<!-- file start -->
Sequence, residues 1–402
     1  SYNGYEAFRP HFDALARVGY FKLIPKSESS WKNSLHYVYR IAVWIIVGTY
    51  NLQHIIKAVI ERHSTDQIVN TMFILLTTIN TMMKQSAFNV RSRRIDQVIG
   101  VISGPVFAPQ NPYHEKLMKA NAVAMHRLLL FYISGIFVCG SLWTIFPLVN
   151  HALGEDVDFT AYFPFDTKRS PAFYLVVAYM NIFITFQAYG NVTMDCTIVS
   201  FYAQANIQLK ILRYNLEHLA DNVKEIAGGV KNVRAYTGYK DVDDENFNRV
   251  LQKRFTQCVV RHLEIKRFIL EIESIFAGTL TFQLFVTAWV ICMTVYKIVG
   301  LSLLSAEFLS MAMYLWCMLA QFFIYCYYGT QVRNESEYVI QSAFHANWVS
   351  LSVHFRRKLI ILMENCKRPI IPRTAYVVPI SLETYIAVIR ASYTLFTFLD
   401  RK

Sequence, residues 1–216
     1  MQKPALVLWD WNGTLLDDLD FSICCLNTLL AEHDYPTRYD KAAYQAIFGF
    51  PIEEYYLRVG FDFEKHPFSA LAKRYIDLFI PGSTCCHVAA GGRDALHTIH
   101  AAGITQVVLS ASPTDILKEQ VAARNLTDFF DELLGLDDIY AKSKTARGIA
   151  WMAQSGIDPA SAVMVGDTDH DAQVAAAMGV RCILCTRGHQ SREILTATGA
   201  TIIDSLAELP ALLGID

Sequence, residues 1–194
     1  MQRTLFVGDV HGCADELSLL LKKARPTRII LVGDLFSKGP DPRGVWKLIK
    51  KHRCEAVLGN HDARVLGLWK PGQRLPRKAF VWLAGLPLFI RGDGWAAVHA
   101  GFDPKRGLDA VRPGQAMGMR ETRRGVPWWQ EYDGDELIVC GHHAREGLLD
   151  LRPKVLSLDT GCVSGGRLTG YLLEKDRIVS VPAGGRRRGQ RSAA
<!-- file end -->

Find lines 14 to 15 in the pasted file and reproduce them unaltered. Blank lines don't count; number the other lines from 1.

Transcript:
   101  AAGITQVVLS ASPTDILKEQ VAARNLTDFF DELLGLDDIY AKSKTARGIA
   151  WMAQSGIDPA SAVMVGDTDH DAQVAAAMGV RCILCTRGHQ SREILTATGA